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Kenya’s Passport Ranked Amongst Top Powerful In Africa



Kenya’s passport has strengthened to 72 on the mobility score, giving holders access to more than 70 countries without a visa or getting it on arrival.

The mobility score, which is an initiative of Henley Passport Index Report had last year downgraded the strength of Kenya’s travel document on account of devastating effects of the Covid-19 that lowered the number of countries that one would visit to as low as 64.

The score measures the number of countries that a person holding the Kenya’s passport can visit without having a visa or the nations where they can get visa on arrival or can get it electronically.

The Kenyan passport maintained the ninth most powerful position in Africa from seventh initially.

The Covid-19 pandemic saw global travel industry brought to a halt for some time last year, when countries imposed lockdowns to prevent the spread of the virus, leading to the closure of borders, starting last year March.

The Passport Index report 2021 indicates that Kenya emerged 72 in global ranking, behind Seychelles, South Africa, Mauritius, Botswana, Namibia, Tunisia and Swaziland among other African states.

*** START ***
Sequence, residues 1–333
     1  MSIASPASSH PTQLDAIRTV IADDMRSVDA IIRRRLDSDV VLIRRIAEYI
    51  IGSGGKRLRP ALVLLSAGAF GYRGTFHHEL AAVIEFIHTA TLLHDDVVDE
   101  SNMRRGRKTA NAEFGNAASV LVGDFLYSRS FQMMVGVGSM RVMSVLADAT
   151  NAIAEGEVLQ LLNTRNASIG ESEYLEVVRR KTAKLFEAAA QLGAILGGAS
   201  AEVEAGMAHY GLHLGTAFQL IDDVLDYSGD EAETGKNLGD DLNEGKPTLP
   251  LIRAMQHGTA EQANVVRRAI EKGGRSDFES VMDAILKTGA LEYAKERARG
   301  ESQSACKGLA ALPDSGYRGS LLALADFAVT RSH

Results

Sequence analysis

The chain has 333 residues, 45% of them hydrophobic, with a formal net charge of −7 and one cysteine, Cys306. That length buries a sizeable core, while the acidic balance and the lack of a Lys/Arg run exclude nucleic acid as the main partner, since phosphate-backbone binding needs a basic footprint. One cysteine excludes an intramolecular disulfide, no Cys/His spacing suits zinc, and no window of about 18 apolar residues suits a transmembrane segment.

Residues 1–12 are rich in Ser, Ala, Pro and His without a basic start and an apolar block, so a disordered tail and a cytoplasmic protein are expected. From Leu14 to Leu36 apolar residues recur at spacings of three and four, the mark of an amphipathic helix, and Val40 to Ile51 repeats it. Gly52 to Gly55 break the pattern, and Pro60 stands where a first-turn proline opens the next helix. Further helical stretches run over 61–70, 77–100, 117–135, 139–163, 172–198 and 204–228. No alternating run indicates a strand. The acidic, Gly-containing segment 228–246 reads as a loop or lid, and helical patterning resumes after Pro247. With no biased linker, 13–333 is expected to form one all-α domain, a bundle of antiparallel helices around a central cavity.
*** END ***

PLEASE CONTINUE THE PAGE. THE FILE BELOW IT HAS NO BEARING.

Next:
A Kenyan can visit 29 countries without the visa and can obtain the entry document on arrival in 30 countries. Some of the countries that Kenyans can access without visa or get one on arrival include Singapore, Hong Kong, Jamaica and Fiji.

In East African Community, Kenya defeated all its peers with both Tanzania and Uganda trailing at position 73 and 77 globally.

Kenya rolled out new chip-embedded passports for its citizens in a move that targets rampant forgery and impersonation of holders. The new features are meant to make it impossible for anyone to forge or duplicate a Kenyan passport.

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Roll-out of the e-passports with a 10- year validity period marked the beginning of the end of the ‘analogue’ passports that have been in use since Independence and has seen join 60 other countries that use e-passports.

A recent survey by the African continental body showed East Africa tops in free movement of people in the region, affirming the gains of an open visa scheme for the continent aimed at spurring trade and tourism.

The liberalised visa regime was set up to promote more open borders across the continent and to boost trade, security and Africa-wide integration. It has been widely publicised, with the African Union Commission voicing the need for countries to follow Kenya’s example.

Kenya is driving integration within the East African Community, with the announcement that citizens from Burundi, Rwanda, South Sudan, Tanzania and Uganda can move freely with their identity cards, work, do business and own property on an equal basis.

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